- Consider the Higher Order Outcomes - Working on a side project has hidden benefits beyond merely finishing. You gain experience, knowledge, a project you can share with others, stories about what you did, the opportunity to make decisions, and a lot more.
- Equate the Project to Increasing Your Luck - Each thing you do increases the surface area of your opportunities. Let’s look at it through the lens of a game of chance. The rules are simple, there’s a coin and if you flip it and get heads you win. You may flip the coin as many times as you want. If you flip the coin once, you have a 50% chance of getting a heads. If you flip the coin five times, there’s a 96.9% chance you will have gotten at least one heads. The more you flip the coin, the better your chances of winning are. It’s the same way with side projects. The more you do, the better your odds of success are.
- Focus on Adopting the Habit of Working on and Completing Side Projects - Build up the habit of working on side projects. It’s easier to have a habit of watching stuff on YouTube or Netflix than it is to have the habit of creating every day, but habits are things you can build. Check out The Atomic Habit by James Clear for some tips on constructing strong, foundational habits.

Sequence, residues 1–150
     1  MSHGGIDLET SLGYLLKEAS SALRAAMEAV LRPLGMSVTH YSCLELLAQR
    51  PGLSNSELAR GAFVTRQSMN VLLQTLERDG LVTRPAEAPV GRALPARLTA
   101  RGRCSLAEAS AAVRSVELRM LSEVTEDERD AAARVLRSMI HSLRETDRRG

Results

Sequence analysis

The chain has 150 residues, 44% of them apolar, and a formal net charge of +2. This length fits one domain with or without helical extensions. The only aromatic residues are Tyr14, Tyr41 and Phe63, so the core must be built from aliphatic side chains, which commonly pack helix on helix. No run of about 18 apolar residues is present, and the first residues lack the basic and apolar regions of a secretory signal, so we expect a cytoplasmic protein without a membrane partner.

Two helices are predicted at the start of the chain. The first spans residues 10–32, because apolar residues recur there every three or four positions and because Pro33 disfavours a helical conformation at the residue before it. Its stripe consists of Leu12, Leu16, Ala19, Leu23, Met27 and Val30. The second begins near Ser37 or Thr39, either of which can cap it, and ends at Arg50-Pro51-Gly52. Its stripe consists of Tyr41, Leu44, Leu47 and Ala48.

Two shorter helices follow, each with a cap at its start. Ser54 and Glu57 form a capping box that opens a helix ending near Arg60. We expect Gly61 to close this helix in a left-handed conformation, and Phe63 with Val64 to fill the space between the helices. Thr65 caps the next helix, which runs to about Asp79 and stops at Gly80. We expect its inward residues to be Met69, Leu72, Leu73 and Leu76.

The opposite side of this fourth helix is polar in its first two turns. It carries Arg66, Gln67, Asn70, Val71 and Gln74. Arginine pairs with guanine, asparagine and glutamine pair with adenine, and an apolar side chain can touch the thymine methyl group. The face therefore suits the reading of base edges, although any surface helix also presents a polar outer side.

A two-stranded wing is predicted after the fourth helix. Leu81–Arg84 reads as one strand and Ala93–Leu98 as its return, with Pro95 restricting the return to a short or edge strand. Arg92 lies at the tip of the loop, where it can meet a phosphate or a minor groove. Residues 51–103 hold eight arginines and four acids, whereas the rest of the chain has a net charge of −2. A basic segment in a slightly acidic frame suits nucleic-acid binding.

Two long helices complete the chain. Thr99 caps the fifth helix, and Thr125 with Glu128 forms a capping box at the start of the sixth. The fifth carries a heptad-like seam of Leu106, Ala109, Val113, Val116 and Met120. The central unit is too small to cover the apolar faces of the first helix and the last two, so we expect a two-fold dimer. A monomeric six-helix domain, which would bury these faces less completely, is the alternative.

- Combine Interests - Centering the project around something you’re passionate about makes it that much easier to get to work. If you really enjoy the subject matter, it’ll be entertaining every time you put in the work.
- Simplify - Don’t complicate the things you’re trying to do. Make them as barebones as possible. Deliver on your original intent and share. You can always iterate later. It’s best not to build the cathedral before you’ve found believers.
- Solve a Problem You’re Facing - Everyone has problems that they’d like to see solved. Find one and scope out a solution that would make your problem go away. Tim Ferriss, and I’m sure tons of other people do too, calls this, “scratching your own itch.” Creating something that’s directly applicable to your struggle gives you skin in the game that can mean the difference between doing and not.